What is the change? A committee of South Africa’s Parliament has approved the recent immigration overhaul and urged the Department of Home Affairs (DHA) to implement its provisions.

What does the change mean? The parliamentary review indicates that the new immigration regulations – a massive undertaking that has thrown some areas of the law into confusion and drawn legal challenges to stop its implementation – will move forward.

  • Implementation timeframe: Immediate and ongoing.
  • Visas/permits affected: All visa categories.
  • Who is affected: Employers and assignees in South Africa.
  • Business impact: Employers should expect the adjustment period to continue for some time as new systems and procedures are put in place.
  • Next steps: The committee will continue to meet with the DHA to address challenges and strive to keep confusion to a minimum.

Background: Following a detailed briefing by the DHA, the chair of Parliament’s Portfolio Committee on Home Affairs announced its support of the changes and said that “these regulations are long overdue and necessary in closing loopholes in the Immigration and Refugee Acts that were systematically used by syndicates to sell South African identity and citizenship.”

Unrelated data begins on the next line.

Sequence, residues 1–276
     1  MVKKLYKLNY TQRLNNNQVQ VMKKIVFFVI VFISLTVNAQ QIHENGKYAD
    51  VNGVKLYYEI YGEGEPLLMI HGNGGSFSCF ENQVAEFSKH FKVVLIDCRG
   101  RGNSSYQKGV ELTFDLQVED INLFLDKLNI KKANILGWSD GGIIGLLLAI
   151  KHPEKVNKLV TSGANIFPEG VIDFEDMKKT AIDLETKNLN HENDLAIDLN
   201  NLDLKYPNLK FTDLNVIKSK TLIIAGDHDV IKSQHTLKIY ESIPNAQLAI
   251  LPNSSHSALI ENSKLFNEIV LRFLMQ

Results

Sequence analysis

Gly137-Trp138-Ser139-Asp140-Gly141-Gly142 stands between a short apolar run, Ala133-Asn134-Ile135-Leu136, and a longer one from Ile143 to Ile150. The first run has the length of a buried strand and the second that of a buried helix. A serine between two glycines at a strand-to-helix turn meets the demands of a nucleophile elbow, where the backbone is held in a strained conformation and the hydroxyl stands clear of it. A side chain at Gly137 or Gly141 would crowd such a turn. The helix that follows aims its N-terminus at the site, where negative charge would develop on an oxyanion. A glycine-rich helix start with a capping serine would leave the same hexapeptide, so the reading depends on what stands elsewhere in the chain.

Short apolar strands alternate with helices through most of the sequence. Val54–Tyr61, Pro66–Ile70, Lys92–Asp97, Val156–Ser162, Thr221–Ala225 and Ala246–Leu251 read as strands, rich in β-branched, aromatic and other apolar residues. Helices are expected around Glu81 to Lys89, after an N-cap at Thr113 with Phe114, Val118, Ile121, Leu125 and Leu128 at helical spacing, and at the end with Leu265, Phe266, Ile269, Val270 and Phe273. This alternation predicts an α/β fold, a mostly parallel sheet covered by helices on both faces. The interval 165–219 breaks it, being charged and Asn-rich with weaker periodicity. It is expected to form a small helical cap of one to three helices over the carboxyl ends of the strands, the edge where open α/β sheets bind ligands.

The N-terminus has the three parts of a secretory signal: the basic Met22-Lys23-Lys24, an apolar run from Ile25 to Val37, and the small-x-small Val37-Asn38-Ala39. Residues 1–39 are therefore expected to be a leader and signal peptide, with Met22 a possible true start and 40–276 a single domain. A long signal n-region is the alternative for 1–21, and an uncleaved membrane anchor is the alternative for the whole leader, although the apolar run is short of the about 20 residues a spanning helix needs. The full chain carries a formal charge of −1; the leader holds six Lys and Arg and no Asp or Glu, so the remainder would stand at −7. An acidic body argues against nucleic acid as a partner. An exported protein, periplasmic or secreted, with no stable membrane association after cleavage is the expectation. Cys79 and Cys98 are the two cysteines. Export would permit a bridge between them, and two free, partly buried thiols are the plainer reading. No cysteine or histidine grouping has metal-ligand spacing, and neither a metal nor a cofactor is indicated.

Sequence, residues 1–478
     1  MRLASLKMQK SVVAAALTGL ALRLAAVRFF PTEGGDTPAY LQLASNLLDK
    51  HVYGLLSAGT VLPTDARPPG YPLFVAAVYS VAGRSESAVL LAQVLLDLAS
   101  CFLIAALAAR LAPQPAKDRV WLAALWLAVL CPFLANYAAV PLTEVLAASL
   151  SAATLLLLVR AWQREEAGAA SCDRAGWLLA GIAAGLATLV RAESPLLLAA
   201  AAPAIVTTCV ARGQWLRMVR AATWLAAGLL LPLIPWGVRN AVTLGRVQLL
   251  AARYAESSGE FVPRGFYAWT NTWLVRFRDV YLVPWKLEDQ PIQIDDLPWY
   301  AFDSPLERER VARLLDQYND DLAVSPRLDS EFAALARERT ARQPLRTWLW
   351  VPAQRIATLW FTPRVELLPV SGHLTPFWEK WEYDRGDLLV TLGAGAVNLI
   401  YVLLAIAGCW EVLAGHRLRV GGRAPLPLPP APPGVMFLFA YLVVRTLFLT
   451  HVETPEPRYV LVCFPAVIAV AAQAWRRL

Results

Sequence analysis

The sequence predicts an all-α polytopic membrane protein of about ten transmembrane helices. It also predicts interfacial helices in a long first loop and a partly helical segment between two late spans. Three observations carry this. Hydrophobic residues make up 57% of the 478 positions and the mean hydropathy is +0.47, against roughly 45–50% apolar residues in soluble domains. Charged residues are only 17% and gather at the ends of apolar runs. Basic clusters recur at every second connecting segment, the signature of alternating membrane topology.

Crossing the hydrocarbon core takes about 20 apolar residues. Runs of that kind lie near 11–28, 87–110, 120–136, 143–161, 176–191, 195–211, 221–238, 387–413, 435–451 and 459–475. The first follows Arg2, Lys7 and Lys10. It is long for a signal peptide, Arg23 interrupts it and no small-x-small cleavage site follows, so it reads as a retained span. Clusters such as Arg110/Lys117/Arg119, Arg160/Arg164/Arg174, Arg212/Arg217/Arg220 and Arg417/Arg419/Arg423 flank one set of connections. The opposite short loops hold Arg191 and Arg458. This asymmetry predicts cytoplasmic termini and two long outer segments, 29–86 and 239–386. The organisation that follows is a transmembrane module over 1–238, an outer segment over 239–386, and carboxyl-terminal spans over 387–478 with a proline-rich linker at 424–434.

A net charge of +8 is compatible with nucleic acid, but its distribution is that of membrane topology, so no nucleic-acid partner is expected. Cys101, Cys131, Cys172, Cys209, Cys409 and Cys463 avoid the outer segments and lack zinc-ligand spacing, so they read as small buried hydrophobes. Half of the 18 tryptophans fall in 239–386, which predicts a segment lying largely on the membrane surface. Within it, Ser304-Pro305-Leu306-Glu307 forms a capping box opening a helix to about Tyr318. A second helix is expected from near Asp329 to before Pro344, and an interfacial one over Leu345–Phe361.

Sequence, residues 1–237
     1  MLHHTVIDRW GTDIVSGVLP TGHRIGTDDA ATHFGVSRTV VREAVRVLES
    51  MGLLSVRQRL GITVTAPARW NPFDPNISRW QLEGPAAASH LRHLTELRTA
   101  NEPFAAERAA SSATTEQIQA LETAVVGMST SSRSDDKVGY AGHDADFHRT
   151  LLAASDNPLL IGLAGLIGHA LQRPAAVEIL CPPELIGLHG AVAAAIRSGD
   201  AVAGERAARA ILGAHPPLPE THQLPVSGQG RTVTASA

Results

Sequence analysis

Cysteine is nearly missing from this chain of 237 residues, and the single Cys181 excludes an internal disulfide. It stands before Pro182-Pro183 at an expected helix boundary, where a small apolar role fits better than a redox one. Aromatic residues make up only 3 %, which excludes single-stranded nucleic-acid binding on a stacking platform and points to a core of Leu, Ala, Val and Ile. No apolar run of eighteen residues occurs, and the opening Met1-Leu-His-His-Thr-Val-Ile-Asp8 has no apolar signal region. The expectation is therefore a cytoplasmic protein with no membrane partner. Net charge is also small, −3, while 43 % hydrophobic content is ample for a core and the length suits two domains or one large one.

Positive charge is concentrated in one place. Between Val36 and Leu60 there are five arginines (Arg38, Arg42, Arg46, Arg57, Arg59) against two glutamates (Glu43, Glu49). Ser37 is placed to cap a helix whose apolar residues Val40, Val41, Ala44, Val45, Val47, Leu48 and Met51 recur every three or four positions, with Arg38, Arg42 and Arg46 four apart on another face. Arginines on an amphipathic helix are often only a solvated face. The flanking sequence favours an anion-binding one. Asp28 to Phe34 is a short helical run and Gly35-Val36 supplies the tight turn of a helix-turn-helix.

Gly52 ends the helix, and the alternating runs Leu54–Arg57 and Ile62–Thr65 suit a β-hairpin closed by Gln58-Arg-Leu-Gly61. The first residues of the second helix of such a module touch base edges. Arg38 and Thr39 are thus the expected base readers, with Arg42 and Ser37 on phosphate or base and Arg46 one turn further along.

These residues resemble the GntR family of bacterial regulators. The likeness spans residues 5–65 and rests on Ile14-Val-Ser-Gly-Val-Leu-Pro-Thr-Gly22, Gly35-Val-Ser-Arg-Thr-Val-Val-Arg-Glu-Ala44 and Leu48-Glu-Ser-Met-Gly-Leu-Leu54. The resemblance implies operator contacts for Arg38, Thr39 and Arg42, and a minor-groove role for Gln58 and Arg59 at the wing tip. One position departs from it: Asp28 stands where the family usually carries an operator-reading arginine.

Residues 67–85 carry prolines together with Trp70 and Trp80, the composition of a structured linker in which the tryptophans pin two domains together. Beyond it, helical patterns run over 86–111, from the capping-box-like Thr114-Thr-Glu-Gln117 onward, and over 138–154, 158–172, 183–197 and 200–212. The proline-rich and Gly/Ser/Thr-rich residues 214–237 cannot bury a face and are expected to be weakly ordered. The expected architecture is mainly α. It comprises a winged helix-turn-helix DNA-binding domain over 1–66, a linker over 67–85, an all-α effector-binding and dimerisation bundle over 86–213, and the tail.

The committee noted that the DHA should be aware of “unintended impact” that the new laws may cause, but such challenges “cannot and should not be used as an excuse for non-implementation of the regulations.”

In particular, the committee pointed to the regulation requiring that adults carry unabridged birth certificates for any children traveling with them and noted that the DHA assured the committee that such a rule will be temporary until the DHA implements an electronic verification system.

“Through this envisioned electronic system, the certificate will only be required when applying and stored electronically and parents will then not be compelled to travel with it physically,” the committee chair said in a statement.

BAL Analysis: The announcement signals that the new immigration regulations are going forward in the near term, despite the practical challenges of implementing them. Stakeholders will continue to meet with the Minister of Home Affairs to work out sticking points.

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